Not for one minute do I believe that every new beekeeper needs a mentor. Furthermore, some mentors do more harm than good. The thing is, anyone can call themselves a mentor. In beekeeping, no qualifications are required.
Now, I agree that it’s nice to watch someone open a hive if you’ve never done it. It’s helpful to see someone hold a hive tool and manipulate the frames or point out brood and honey and hive beetles. But is it necessary? No.
Mentoring is communicating
Bad mentors are everywhere in this business. I’ve seen three-month beekeepers “mentoring” beginners, teaching them how to overwinter when they’ve never overwintered themselves. Conversely, I’ve known mentors who’ve been keeping bees since the last ice age but have no ability to teach. It doesn’t matter how much you know if you can’t communicate.
Mentoring is much more than a skilled beekeeper teaching an unskilled one. Since it’s a one-on-one relationship, issues of compatibility can enhance or destroy the learning process. Before I began this website, I was more open-minded about mentoring. It was common and accepted, and I thought it was okay. What changed my mind were things people wrote:
“My mentor put my bottom box on the top, but I don’t know why.”
“Why did my mentor shake my bees onto the ground? He said everyone did it.”
“When my bees died my mentor said it was a bad queen. What was wrong with her?”
“My mentor said not to worry about mites the first year. Now they’re dead.”
What I see in these comments is a mentor who didn’t know, didn’t care, or couldn’t teach. We cannot all be mentors. Take me, for example. I’m far too impatient for mentoring. I like to get in, do the job, and get out. “You missed it? How could you miss it?”
Good mentors are rare
Do good mentors exist? Absolutely. But like good teachers, they are scarce. Even now, I can recall every teacher who made a lasting impression on me: my seventh grade science teacher, my ninth grade English teacher, my tenth grade physics teacher. I remember them because they were remarkable. They inspired, motivated, and encouraged. They made me want to learn, a trait that set them apart from the others.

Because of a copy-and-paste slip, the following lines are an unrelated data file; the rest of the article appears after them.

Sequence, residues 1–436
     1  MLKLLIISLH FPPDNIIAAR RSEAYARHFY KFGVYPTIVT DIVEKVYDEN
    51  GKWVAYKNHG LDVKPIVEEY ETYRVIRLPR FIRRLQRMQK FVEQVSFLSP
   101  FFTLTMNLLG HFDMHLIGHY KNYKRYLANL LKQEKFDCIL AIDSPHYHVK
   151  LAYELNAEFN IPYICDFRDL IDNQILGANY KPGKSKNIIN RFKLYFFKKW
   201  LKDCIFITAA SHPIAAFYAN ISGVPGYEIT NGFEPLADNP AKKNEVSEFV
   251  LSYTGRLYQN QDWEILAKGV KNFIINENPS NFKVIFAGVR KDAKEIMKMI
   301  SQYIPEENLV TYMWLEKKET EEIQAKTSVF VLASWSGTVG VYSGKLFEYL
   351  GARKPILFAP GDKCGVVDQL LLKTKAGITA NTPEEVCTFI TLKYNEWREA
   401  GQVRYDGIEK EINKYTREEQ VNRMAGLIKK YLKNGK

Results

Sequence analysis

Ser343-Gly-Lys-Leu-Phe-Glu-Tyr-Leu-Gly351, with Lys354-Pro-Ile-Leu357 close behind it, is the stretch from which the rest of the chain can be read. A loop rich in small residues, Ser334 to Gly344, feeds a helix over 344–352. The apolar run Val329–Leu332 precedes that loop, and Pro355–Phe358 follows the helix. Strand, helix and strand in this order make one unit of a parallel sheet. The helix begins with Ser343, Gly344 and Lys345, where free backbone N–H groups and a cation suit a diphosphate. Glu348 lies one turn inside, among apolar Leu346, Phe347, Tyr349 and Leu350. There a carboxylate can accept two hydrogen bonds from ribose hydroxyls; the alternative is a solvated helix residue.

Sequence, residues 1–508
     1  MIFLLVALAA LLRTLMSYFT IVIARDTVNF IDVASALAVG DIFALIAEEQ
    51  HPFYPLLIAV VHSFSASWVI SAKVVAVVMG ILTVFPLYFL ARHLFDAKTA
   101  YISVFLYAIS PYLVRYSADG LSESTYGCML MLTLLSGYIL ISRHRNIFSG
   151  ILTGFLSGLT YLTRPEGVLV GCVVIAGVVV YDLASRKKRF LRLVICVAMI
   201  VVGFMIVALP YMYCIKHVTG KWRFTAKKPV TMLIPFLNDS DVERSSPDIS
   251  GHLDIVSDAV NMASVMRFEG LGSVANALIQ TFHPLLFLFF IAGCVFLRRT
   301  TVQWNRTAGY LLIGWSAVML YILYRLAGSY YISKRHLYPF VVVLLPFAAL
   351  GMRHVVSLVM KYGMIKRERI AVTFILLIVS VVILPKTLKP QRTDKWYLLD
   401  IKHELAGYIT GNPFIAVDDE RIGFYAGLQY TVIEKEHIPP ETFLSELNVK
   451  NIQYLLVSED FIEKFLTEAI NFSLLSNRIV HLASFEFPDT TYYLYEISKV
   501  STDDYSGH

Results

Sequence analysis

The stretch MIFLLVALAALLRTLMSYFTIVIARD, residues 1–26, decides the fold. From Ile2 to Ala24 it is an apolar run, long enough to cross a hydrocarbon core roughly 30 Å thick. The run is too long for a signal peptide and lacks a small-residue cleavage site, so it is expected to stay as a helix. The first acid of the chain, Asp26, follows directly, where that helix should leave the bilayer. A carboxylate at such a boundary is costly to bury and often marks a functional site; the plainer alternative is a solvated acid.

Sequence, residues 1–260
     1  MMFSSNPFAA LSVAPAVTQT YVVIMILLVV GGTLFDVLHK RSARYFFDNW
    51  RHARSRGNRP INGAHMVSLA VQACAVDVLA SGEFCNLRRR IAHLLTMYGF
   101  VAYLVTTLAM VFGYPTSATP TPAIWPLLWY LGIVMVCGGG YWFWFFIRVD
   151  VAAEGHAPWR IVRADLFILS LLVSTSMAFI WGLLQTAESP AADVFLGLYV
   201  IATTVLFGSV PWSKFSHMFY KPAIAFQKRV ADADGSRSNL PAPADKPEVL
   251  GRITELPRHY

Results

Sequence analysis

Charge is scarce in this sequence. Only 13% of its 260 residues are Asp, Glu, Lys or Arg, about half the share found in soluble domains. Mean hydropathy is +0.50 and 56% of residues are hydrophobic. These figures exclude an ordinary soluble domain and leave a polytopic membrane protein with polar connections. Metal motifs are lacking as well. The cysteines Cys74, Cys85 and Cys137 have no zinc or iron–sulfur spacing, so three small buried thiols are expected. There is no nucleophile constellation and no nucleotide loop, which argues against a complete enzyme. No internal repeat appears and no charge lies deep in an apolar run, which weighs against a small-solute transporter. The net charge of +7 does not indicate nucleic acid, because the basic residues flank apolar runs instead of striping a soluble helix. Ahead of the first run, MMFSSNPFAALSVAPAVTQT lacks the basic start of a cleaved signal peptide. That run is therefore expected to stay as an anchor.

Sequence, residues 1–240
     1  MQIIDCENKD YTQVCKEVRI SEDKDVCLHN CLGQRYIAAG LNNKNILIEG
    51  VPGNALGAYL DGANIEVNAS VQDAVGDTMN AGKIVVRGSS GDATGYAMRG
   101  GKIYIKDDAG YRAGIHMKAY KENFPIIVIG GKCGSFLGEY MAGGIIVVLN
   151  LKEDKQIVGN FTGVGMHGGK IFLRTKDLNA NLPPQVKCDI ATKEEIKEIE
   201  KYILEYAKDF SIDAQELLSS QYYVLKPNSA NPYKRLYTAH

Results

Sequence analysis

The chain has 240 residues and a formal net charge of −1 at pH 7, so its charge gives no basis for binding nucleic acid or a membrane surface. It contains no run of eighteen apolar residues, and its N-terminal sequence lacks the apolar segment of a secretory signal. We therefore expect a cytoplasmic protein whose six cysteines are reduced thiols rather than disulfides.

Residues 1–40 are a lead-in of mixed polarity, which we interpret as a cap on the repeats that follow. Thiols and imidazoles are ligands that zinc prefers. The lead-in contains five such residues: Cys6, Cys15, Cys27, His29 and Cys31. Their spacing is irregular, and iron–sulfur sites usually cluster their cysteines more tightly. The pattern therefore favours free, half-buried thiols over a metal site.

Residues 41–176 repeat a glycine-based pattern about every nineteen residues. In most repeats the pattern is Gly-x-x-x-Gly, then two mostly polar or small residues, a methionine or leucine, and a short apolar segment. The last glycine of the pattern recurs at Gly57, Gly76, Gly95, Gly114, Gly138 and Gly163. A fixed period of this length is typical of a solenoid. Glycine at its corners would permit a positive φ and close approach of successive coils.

The beekeeping mentor needs to explain the why of everything. Why did you move that frame? How do you know they will swarm? Why do you think the queen is weak? Conversely, the newbee should ask why. Over and over. Don’t let your mentor off the hook for a second. Make him explain.
Don’t do what doesn’t make sense
I firmly believe that when a new beekeeper doesn’t understand an instruction, he shouldn’t follow it. Why would you do something you don’t understand? This applies to advice from mentors, speakers, YouTube, books, magazines, and websites including this one. Keep asking until you understand and pay attention to your misgivings. You have a built-in b.s. meter for a reason. Trust it.
To me, the idea that everyone needs a mentor is just one more in a long string of beekeeping myths and half-truths. If you can find a good mentor, you are lucky indeed. If you can’t find one that suits you, you can succeed just as well.
Common sense and respect for your bees will solve most beekeeping problems. Reading, thinking, and planning will help with the rest. Above all, never doubt that you can do this—with a mentor or without.
Honey Bee Suite